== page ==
Rachel Freedman, MD, MPH, is a medical oncologist in the breast oncology center in the Susan F. Smith Center for Women’s Cancers at Dana-Farber Cancer Institute (DFCI). She is also a clinical researcher and Medical Director of the DFCI Cancer Care Collaborative. She researches disparities in breast cancer treatment and outcomes for minority patients and older patients. She is a member of the Cancer.Net Editorial Board’s geriatric oncology advisory panel.
For women with no history of cancer, U.S. screening guidelines recommend that all women start receiving mammograms when they turn 40 or 50 and to continue getting one every 1 or 2 years. This routine continues until they turn about 75 years of age or if, for whatever reason, they have limited life expectancy. At that point, whether a woman continues to have mammograms depends on thoughtful discussion between the woman and her health care team about what is appropriate for her specific situation.
However, after an older woman is treated for breast cancer, it is less clear when mammography should continue and when it should stop. The American Society of Clinical Oncology (ASCO) and American Cancer Society recommend that women who have had 1 breast removed with unilateral mastectomy have a mammogram on the intact breast every year. Women who have had a lumpectomy should have a mammogram of both breasts every year. The goal of these mammograms is to find cancer that comes back in the affected breast, called a recurrence, or to detect a new breast cancer in either breast that may occur over time. However, there are questions about how long breast cancer survivors should continue to receive mammograms if they are older than 75 or if other medical conditions may shorten their lives. Older patients have not been well represented in breast cancer research, and this has led to recommendations that are applied to all women with breast cancer. Because these guidelines do not address older women specifically, they often continue having these tests as a habit, without much discussion about the risks and benefits of mammograms.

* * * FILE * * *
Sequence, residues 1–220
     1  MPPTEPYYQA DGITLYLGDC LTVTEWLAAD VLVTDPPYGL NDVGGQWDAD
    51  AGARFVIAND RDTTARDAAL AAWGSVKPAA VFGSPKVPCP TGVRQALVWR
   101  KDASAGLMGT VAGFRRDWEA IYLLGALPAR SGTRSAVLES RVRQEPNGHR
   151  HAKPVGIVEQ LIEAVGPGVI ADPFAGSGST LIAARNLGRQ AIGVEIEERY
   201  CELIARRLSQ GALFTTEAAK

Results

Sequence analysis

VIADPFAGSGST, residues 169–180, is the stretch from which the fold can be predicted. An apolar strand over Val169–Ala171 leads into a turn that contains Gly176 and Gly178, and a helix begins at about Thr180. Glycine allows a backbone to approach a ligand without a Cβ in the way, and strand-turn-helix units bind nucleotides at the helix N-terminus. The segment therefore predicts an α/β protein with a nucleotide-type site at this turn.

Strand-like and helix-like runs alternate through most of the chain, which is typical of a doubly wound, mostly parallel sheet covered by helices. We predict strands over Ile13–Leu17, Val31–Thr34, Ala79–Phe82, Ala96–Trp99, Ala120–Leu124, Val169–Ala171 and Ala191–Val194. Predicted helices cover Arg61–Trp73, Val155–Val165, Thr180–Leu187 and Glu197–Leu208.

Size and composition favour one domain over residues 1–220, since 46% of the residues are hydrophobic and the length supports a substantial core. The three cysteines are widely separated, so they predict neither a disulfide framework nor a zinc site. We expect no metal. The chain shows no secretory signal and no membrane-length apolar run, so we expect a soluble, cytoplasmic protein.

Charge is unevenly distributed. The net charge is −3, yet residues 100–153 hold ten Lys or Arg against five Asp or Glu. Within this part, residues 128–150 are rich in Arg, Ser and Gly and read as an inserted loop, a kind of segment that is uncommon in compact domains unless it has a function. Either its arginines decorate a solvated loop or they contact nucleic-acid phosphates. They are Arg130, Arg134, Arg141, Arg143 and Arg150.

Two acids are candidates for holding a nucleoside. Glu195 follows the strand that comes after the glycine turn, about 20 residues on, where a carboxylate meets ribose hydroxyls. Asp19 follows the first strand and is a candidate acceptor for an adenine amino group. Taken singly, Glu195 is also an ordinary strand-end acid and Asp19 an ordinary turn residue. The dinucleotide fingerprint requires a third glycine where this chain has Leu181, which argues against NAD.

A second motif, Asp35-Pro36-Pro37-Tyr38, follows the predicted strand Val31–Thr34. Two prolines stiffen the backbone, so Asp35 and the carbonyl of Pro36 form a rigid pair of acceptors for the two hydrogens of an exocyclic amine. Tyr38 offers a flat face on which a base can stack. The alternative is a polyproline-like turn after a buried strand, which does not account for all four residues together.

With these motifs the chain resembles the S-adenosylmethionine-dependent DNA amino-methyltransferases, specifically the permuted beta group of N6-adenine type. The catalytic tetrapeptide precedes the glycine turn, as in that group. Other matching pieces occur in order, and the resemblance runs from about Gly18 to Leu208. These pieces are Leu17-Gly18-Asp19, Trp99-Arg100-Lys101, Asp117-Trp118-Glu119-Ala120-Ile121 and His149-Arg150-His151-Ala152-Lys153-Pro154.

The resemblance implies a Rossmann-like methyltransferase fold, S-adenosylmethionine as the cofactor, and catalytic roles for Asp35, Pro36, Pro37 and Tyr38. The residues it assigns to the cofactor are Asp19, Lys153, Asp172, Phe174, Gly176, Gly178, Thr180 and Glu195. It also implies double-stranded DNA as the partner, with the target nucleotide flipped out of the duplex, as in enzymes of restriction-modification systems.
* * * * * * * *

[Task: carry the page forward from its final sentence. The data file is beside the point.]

Most women will benefit from mammograms for many years after they are diagnosed with breast cancer. But there are also women who will not benefit as much and can consider stopping mammograms. Stopping mammograms does not mean that women will not continue to receive proper care, follow-up with their providers, or physical examinations, but it does mean that mammograms may not lead to better outcomes for certain women.
Here are 2 situations in which a woman might want to stop having mammograms:
If a woman is older and has other significant medical conditions, like heart disease or stroke, particularly when these conditions affect one’s physical function and mobility. In older patients treated for breast cancer, these other medical conditions often pose a greater risk of dying. So for patients who face significant medical challenges, it is not clear that continuing mammography forever makes sense.
Women treated for a lower-risk breast cancer who are on medications to help prevent additional cancers from forming. These medications, such as tamoxifen or aromatase inhibitors, lower the risk that there will be another breast cancer, so the role of mammograms may be less important.
Mammograms also have risks that are important to consider when making a decision. There can be mild discomfort during the testing. Based on a mammogram’s result, there is also the chance that women will undergo a biopsy that finds no cancer, called false positives. There is also a risk for something called “overtreatment.” This is when mammography finds a cancer that would not affect a woman’s life span but may result in her getting treatments that she may not have needed.
In the end, you should ask your doctor about how mammograms may or may not help you and what the recommendations are for your situation. This is a very personal decision, and you and your health care team should work together to make this decision so that it feels right for you.